Interest Rates

When Will China's Inflation Subside?


China's central bank raised rates for the third time since mid-October—and its fight against inflation isn't over yet.

The People's Bank of China raised the one-year lending rate by a quarter-point on Feb. 8, to 6.06 percent. The one-year deposit rate went up an equivalent amount, to 3 percent. The PBOC moved before a report in mid-February that may show consumer prices rose 5.3 percent in January, according to the median estimate in a Bloomberg News survey of economists. "There is still a substantial amount of heavy lifting to do in terms of rates—at this stage of the cycle, the fact that we still have negative real rates is quite alarming," says Glenn Maguire, chief Asia economist at Société Générale in Hong Kong.

Premier Wen Jiabao's government has yet to return rates to their higher pre-crisis levels. Now, with overheating a danger in the first half of the year, policy makers are likely to raise their benchmark interest rates further, order banks to set aside more cash as reserves, and let the yuan appreciate to stem price pressures, Wang Qing, a Morgan Stanley (MS) economist in Hong Kong, wrote in a note on Feb. 7. Wen's government is selling state food reserves to lower food prices, providing more low-income housing, and cracking down on speculation and hoarding.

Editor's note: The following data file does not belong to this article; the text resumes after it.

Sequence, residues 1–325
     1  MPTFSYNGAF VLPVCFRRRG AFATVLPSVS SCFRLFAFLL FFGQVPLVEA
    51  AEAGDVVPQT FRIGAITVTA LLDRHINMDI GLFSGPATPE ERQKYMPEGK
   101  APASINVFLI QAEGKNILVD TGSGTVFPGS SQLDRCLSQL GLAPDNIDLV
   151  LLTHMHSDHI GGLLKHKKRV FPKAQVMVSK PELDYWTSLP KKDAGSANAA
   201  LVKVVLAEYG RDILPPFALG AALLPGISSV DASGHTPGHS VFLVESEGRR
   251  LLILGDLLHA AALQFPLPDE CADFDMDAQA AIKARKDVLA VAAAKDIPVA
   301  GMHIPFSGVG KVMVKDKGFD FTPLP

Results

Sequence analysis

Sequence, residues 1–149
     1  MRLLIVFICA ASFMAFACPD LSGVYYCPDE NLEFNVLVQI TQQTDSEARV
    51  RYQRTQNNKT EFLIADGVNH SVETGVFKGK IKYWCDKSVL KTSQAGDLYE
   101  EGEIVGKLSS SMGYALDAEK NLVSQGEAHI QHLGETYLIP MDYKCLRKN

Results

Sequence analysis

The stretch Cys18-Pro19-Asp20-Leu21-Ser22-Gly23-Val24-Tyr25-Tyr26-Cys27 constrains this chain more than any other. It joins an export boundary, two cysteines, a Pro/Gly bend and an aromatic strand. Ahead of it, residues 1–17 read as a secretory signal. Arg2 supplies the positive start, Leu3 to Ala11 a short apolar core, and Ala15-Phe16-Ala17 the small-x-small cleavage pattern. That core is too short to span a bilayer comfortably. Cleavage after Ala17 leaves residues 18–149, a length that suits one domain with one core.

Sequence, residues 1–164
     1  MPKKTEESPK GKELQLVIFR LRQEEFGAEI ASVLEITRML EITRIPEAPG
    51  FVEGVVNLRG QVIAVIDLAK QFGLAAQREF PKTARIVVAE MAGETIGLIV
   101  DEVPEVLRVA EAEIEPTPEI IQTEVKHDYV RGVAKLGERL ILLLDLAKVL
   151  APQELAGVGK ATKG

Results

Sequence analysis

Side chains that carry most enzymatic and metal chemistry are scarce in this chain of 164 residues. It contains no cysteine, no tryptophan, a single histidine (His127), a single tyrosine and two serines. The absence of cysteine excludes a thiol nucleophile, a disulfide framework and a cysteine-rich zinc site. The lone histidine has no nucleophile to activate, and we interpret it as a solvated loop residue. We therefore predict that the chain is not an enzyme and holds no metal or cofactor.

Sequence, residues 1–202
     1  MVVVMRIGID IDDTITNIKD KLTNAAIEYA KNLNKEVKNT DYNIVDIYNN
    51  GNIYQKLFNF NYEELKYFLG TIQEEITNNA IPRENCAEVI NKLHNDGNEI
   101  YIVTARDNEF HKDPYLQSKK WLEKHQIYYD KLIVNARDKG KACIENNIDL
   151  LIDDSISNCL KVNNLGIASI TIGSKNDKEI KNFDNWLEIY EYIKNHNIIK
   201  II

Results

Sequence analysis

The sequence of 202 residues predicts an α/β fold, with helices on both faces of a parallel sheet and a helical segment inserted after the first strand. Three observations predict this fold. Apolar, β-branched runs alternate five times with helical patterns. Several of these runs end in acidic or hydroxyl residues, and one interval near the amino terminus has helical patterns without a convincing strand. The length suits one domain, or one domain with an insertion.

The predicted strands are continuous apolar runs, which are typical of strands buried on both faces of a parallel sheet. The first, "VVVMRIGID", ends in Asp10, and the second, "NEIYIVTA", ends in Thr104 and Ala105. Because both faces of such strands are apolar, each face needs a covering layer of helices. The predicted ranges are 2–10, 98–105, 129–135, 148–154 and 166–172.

A drought that's threatening grain output and a New Year surge in lending are adding to inflation risks. Economic growth accelerated in the fourth quarter, to a 9.8 percent annual pace.

In the Feb. 8 move, the People's Bank raised long-term rates for deposits more than it did for loans. For savers, the increase was as much as 45 basis points for five-year deposits. "The goal is to encourage savers to keep their money in bank deposits rather than shifting to equities or property," says Mark Williams, a London-based economist at Capital Economics.

Companies from Baoshan Iron & Steel to Starbucks have raised prices. While wages are also climbing, Chinese consumers are more concerned about inflation than at any time in the past decade, according to a central bank survey released in December.

The government knows January's inflation number will "look ugly" and wants to be seen as acting in the lead-up to the annual meeting of the National People's Congress in early March, says Ma Jun, Deutsche Bank's (DB) chief China economist. China aims to hold inflation at 4 percent this year, state broadcaster CCTV reported in December. To get there, Isaac Meng, a Beijing-based economist for BNP Paribas, says he expects "accelerated tightening," with rates rising by as much as an additional 1.5 percentage points.

The bottom line: China is still fighting inflation after three interest rate hikes. Economists expect further rate hikes before inflation is subdued.

Adam is a reporter for Bloomberg News in Singapore.

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